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Texas school debate over Critical Race Theory

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Keren Carrion/KERA News
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The move to strengthen restrictions on CRT is one of 11 calls on Gov. Greg Abbott’s agenda for this summer’s special legislative session.";s:

In Texas and across the country, Critical Race Theory – or CRT - has become a political lightning rod. 

Red state Republicans want it banned in classrooms (even though teachers say it’s not even there). Angry parents say it’s a racist curriculum that’s indoctrinating their kids.  

This spring, Texas passed 2 laws taking aim at CRT. Republican Governor Greg Abbott didn’t think they went far enough. And that’s one reason he added it to a special session that started Thursday. 

At the last Fort Worth school board meeting, nearly 100 speakers showed up, many to blast the district. Some were chanting, “USA, USA,” for what they deemed an invasion of Critical Race Theory – C-R-T – into the curriculum.

“CRT is reformulated Marxism, a neo-racist worldview that exists to agitate, enable radical identity politics, divide people,” said Blanca Martinez. ”This cultural ideology is not a solution to unity but a tool for bondage, destruction, and further separation and clearly, the enemy of our day. CRT is a poison. It’s a poison to the mind. It corrupts.”

The Fort Worth district says it does not teach CRT and never has.

Educators say most people, including critics, don’t even know what is. Professor Nikki Jones does. She teaches African American studies at the University of California, Berkeley. 

She says Critical Race Theory was developed in law schools decades ago as a way to understand how race influenced the laws of this country. Laws that justified everything from slavery to slaughter.

“So it’s a way to see race, to see understandings of race, to see racism, in places where it may not otherwise, on the surface of it, be apparent,” Jones said.  

What was apparent to Texas Republicans  was that this threat presented an opportunity. So with the outcry against CRT growing in the state and the country, lawmakers passed two bills this spring. State Representative Steve Toth, a suburban Houston Republican, wrote one of them.  

He wants to stop what he calls the indoctrination of kids in districts like Highland Park. The high-income enclave is mostly white, and surrounded by Dallas.

“A parent in Highland park sent me a copy of the book that her 8-year-old son was asked to read,”Toth said. “It's called Not My Idea: A Story About Whiteness. I thought that the whole idea of stereotyping racial profiling was a bad thing and Critical race theory goes into white profiling and profiling white people. They're being taught that crap now in school.”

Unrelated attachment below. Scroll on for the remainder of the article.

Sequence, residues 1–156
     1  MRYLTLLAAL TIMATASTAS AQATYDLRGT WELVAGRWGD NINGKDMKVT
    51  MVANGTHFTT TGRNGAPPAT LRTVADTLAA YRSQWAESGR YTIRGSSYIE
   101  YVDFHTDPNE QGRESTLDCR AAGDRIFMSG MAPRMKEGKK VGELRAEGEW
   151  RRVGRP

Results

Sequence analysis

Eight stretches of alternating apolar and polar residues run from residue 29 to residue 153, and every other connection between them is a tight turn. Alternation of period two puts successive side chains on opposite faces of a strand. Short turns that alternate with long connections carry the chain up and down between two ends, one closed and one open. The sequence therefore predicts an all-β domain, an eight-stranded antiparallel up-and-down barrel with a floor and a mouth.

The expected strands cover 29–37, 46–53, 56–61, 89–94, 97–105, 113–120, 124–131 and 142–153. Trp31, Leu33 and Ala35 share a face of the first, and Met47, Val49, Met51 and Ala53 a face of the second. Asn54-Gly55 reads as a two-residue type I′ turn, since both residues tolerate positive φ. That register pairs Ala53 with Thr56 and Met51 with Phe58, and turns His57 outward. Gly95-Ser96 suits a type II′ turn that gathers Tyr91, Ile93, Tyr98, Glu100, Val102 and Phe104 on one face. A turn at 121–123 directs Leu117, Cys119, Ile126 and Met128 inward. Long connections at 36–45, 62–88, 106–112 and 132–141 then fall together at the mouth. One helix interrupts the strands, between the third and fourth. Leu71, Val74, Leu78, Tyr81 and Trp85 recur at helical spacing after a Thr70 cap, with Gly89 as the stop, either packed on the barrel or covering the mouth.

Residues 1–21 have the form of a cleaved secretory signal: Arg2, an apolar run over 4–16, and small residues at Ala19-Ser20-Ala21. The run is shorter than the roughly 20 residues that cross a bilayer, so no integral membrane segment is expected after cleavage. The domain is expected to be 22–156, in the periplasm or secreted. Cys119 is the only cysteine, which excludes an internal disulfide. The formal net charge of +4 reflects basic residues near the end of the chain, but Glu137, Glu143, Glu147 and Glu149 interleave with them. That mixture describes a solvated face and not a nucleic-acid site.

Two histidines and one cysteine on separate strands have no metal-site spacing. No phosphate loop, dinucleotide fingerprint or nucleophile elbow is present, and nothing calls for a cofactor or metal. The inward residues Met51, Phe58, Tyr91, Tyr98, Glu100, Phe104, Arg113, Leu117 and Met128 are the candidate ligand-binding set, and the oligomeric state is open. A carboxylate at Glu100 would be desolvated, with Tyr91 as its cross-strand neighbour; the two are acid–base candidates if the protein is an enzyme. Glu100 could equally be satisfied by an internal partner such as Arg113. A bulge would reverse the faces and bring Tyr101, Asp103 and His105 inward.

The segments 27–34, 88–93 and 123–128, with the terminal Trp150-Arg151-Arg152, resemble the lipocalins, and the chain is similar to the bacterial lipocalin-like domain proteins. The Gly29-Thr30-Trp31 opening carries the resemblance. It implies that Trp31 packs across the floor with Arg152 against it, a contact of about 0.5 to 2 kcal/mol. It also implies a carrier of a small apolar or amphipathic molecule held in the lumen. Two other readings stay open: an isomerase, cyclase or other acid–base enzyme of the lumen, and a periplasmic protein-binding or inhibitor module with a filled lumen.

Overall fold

The Highland Park district says that’s not true. Spokesperson Jon Dahlander says the district can’t even find the book Toth mentioned. 

“Well we don’t have the book in any of our school library catalogs,” Dahlander said, “nor have we been able to find it on any of our campuses.”

And for the record, Dahlander says Highland Park does not teach CRT. Period. End of story.

Back at the Fort Worth school board meeting, parents and teachers who like the district’s focus on racial equity include Kimberly Williams. 

“As an African American female educator, we know that when racial equity is not consciously addressed,” Williams said, “racial inequality is often unconsciously replicated.”

The Fort Worth district has created a racial equity plan, and those who defend it, say critics are confusing it with CRT.

Toth, sides with the critics. His bill tells history teachers how to teach touchy subjects.

 “You can't teach that one gender is better than the other,” Toth said. “You can't discriminate and say that one race or one gender is responsible for the ills of the past. We need to teach about the bills, but you can't blame this generation for those things of the past.

UC Berkeley’s Jones says Texas and other states are trying to legitimize a fear based on a lie. 

“It is not in fact true that Critical Race Theory is racist,” Jones said. “It is not in fact true that it encourages people to hate this country.”

It is true that Governor Abbott is up for re-election next year and he’s facing at least 2 primary opponents further to his right.

Democratic senator Nathan Johnson, who represents Highland Park, says politics is behind all of this CRT push, especially because the theory is not taught in Texas schools - - no matter what others believe. 

“And it's not uncommon for people to genuinely believe things that aren't true,” Johnson said, ” particularly when their political leaders tell them they’re true.” 

The move to strengthen restrictions on CRT is one of 11 calls on Governor Abbott’s agenda for this summer’s special session.

 

Bill Zeeble has been a full-time reporter at KERA since 1992, covering everything from medicine to the Mavericks and education to environmental issues. Heâââ